Researchers conducting the broadest survey to date of multiparty integrated-project-delivery experiences say they did not expect such overwhelmingly positive responses. Most IPD veterans answered in strong support of the risk- and reward-sharing model in areas including project performance, expectations met and repeat use.

"We were surprised by how positive the results were," says Renee Cheng, a professor in the architecture school of the University of Minnesota and co-author of the report, "IPD: Performance, Expectations and Future Use."

When comparing overall IPD project performance to non-IPD projects, 60% of the respondents said IPD teams performed "significantly better," and more than 80% said IPD performance was "better" than non-IPD. "The large majority of responders say the project performed significantly better on budget and schedule," says Markku Allison, founder of IPD and lean-construction consulting firm Scan Consulting and co-author of the $20,000 report, executed by the University of Minnesota and sponsored by the Integrated Project Delivery Alliance (IPDA). Some 90% said overall value was better, and more than half of those said it was significantly better.

Respondents, including owners, architects, contractors and other team members, compared performance in areas such as schedule predictability, cost and budget control, quality of building outcome, quantity of changes, handling of changes, morale of the stakeholders and overall value delivered.

"We thought those more experienced with IPD would have different responses than the newcomers," says Cheng. That was not the case, she adds. Answers were uniformly positive and not related to background, stakeholder type, experience,  geography or project type or scope.

However, some respondents reported dissatisfaction with IPD. About 10% said the overall value delivered was worse or significantly worse. "A positive outcome was that we got negative responses,"  says Allison.

Those less-than-satisfied responders said IPD challenges include the unwillingness of some team members to let go of traditional roles; disruption of the whole team due to the poor performance of any single stakeholder; mid-project changes in personnel; and team members that do not grasp what it takes to succeed in an IPD world.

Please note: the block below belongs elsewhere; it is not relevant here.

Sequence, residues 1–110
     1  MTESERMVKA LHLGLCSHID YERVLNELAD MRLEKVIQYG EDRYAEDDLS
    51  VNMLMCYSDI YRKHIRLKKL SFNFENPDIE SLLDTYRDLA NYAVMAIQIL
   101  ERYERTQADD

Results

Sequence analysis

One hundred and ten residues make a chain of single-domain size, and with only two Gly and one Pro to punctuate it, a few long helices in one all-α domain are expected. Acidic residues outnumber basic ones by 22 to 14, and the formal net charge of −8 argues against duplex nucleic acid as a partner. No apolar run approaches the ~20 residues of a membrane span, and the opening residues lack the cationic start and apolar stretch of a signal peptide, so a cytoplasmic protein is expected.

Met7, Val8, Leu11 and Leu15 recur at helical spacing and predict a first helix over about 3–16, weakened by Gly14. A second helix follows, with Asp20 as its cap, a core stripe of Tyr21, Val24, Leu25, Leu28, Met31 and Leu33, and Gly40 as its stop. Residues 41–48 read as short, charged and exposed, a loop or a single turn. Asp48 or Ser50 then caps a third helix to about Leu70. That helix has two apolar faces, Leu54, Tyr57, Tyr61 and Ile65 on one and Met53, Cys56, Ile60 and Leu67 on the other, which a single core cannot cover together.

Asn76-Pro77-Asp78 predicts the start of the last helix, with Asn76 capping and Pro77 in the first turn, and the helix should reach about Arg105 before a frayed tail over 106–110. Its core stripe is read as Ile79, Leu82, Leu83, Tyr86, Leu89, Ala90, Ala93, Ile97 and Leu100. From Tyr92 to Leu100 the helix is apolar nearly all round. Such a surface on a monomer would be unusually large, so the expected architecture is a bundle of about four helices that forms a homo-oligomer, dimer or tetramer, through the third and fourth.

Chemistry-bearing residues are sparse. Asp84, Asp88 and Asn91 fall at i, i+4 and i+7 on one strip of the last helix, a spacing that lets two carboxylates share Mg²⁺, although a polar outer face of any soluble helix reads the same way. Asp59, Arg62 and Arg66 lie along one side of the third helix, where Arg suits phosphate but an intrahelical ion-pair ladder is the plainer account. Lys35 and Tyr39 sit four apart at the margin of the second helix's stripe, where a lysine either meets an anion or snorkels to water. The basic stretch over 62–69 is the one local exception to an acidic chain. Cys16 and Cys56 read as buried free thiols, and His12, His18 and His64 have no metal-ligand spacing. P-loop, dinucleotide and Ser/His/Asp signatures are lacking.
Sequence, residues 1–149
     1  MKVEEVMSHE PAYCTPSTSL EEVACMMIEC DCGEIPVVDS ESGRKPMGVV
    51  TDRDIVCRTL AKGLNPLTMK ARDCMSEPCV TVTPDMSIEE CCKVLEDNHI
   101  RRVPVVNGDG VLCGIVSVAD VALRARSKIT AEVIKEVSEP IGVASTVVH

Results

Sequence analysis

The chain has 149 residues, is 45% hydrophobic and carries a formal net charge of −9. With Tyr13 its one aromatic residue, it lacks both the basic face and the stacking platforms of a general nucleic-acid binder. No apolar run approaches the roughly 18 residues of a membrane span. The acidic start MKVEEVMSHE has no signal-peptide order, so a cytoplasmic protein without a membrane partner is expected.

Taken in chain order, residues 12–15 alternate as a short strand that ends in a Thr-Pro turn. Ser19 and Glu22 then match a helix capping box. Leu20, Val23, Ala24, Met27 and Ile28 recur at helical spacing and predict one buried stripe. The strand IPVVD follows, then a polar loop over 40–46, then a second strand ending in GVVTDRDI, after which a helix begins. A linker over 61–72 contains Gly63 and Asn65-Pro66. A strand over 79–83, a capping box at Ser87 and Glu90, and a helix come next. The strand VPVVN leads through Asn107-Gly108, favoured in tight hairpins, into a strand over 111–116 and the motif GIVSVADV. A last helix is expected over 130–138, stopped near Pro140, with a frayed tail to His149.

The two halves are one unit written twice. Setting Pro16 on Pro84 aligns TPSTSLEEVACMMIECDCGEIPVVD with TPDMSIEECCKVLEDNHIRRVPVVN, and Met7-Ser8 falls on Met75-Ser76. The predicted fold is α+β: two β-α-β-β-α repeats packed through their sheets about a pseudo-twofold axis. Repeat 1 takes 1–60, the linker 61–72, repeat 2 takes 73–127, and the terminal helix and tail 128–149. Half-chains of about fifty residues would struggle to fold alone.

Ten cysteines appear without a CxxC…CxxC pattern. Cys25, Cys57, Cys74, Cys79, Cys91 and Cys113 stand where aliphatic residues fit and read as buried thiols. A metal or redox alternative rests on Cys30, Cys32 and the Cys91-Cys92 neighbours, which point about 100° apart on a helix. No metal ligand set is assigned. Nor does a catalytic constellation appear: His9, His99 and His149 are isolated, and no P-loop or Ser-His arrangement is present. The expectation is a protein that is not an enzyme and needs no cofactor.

Challenges aside, about 90% said they were likely or significantly likely to use IPD again on a project of similar type and scope. About 95% said they would want to use IPD on other projects and would recommend it as a delivery method.

"Given the successes, one would think IPD would take off," says Cheng. "Perhaps it is because there is no guarantee of good results." Slow adoption is related to a dearth of proven track records and a perception that IPD is "challenging, risky and untested," says Allison.

The study canvassed 108 IPD veterans of 59 projects. Data was collected from July 9 to Sept. 15. Cheng and Allison think the survey represents the largest single body of data gathered on IPD projects.

"We were trying to get a large number of responses, so we gathered a relatively small data set across a broad range of projects," says Allison. The survey did not ask about liability waivers, he adds.

To increase the number of responses, the survey will remain open until Sept. 15, 2016. The web link is: The entire survey, both quantitative and qualitative input, takes four to six minutes to complete, says Allison. The current report is available for free download at

The authors are in the process of  selecting up to 15 of the report's 59 projects for more in-depth analysis. That research report is expected by next fall. "It will be a deep dive," says Allison.

Edmonton, Alberta-based IPDA was formed early this year to promote IPD, including providing data to the industry. Most of the 24 firm members are Canadian.

"We need to advocate, educate and  really mentor," says Jen Hancock, director of innovative construction for IPDA's founding member, Chandos Construction, Edmonton, and IPDA's acting chair.